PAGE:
In a sworn statement outlining what he will say, Grasso said he doesn't know if Galanter advised Simpson about recovering property before the incident, and doesn't know if Galanter told Simpson about a prosecution offer of a plea deal.
But Grasso said he thought Simpson should testify before the jury.
During trial, Simpson contends, Galanter "vigorously discouraged" him not to testify, and never told him that prosecutors were willing to let him plead guilty to charges that would have gotten him a minimum of two years in prison.
"He consistently told me the state could not prove its case because I acted within my rights in retaking my own property," Simpson said in a sworn statement outlining what he plans to say when he testifies this week.
Some who've watched the Simpson saga say he might have a chance.
"I think there's a lot to this," said John Momot, a lawyer nearing 40 years of criminal defense in Las Vegas who played himself in the 1995 movie "Casino" and provided expert cable TV commentary during Simpson's monthlong trial in September 2008.
"I don't think O.J. Simpson could ever get a fair trial, period, based on his reputation from California," Momot said. "But based on these allegations, if you took Joe Jones from the street and put him in the same situation, I think it would be possible he'd get a new trial."
Simpson's lawyers also say that while continuing to represent Simpson through oral arguments in a failed 2010 appeal to the Nevada Supreme Court, Galanter kept a lid on his own behind-the-scenes involvement. That nearly extinguished any chance Simpson had to claim ineffective representation in state or federal courts.
May 16, 2013
By TOM HAYS
NEW YORK (AP) — A judge on Wednesday threw out manslaughter charges against a New York Police Department officer accused of killing an unarmed man at his home as his grandmother stood nearby in a ruling that prompted a courtroom outburst by the victim’s mother and a vow by prosecutors to still pursue the case.
Constance Malcolm cursed and screamed, “They killed my child!” as it became clear that the judge was about to rule in favor of Officer Richard Haste. Court officers immediately removed her.
When order was restored, Judge Steven Barrett told spectators, “I regret that there are people who are hurt by this,” but he insisted that a flawed grand jury presentation by prosecutors left him no choice.
As Haste left the courtroom, protesters yelled, “Murderer!” The officer did not speak to reporters.
Haste had been charged in the fatal shooting of 18-year-old Ramarley Graham during a police operation targeting street corner drug dealing in the Bronx. He and other officers chased Graham into his family’s apartment, where the teen was shot at close range.
The victim was struck in the upper chest and collapsed inside a bathroom as his grandmother and younger brother stood nearby. No gun was recovered.
The judge ruled Wednesday that prosecutors, in giving instructions to grand jurors, had improperly left the impression the jury shouldn’t consider testimony by other officers that they radioed Haste in advance to warn him that they thought Graham had a pistol.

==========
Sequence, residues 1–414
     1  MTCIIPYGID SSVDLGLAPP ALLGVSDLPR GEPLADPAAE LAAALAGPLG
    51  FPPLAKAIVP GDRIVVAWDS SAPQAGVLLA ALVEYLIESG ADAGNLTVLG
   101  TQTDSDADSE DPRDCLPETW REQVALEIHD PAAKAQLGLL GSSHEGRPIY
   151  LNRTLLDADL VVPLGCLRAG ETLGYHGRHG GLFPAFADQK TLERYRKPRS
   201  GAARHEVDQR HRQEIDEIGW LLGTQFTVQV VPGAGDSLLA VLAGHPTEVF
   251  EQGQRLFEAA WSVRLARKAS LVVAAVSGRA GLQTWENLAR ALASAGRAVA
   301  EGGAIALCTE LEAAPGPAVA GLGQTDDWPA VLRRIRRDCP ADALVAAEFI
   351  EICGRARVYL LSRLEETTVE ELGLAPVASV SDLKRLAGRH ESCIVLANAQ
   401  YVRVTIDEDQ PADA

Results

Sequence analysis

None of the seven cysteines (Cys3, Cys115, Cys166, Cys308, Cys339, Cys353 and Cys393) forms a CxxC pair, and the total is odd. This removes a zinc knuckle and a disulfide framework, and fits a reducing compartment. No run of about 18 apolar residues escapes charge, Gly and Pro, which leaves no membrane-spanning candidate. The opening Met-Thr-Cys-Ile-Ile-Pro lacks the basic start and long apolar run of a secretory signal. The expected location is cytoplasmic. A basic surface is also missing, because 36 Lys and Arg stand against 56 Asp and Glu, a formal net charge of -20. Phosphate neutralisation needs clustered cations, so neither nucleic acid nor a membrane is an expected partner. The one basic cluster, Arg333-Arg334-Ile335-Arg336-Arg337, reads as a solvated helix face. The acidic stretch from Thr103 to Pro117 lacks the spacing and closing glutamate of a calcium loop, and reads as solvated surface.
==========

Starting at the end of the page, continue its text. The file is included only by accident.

Haste testified in the grand jury that the radio transmissions convinced him Graham was armed and dangerous when he shot him in the chest. Jurors also heard evidence that Haste yelled, “Gun! Gun!” as a warning to other officers before opening fire.
“In effect, the grand jury was told communications of other officers were not relevant,” the judge said. “With no great pleasure, I’m obliged in this case to dismiss the charges.”
The judge stressed that he didn’t believe prosecutors deliberately misled the grand jury and he wouldn’t bar them from seeking another indictment.
Prosecutors said in a statement that they would appeal the decision or present the case again to the grand jury.
“It cannot be said more forcefully that we disagree with the court,” the statement said.
The Rev. Al Sharpton, who has worked with Graham’s family, called the judge’s decision “an outrageous miscarriage of justice and an insult to the family and supporters of Ramarley Graham.” Graham’s parents called for street protests.
But Patrick Lynch, president of the Patrolmen’s Benevolent Association, said the judge’s ruling was the right one.
“We believe the judge made a difficult but correct decision,” Lynch said.
May 16, 2013
By Freddie Allen
NNPA Washington Correspondent
WASHINGTON (NNPA) – When a Baltimore grocery store employee fingered 26-year-old Michael Austin for the murder of a security guard in the spring of 1974, Austin didn’t even match the police sketch. The wanted suspect was less 6 feet tall and Austin was the size of a small forward in the NBA. The only other evidence linking him to the crime was a business card with the name of an alleged accomplice, a man who was never found.
The store owner, who was positive Austin wasn’t the shooter, was never called to testify during the original trial and Austin’s defense attorney never called a single witness to back up Austin’s alibi that he was at work across town when the crimes were committed. A year later, Austin was convicted of first-degree murder and robbery and sentenced to life in prison on the eyewitness account of the grocery store employee, a college student, according to the prosecution, and a drug addict and high school dropout.
Austin spent half of his life behind bars for a crime he didn’t commit, only gaining freedom through a New Jersey-based lawyers’ group that works to free the wrongfully convicted. The grocery store employee died of an overdose in 1997, but not before he told family members that he lied about what he saw during the murder and sent an innocent man to prison. In December 2001, Austin was granted his freedom. Three years later, Austin won a $1.4 million settlement from the state of Maryland.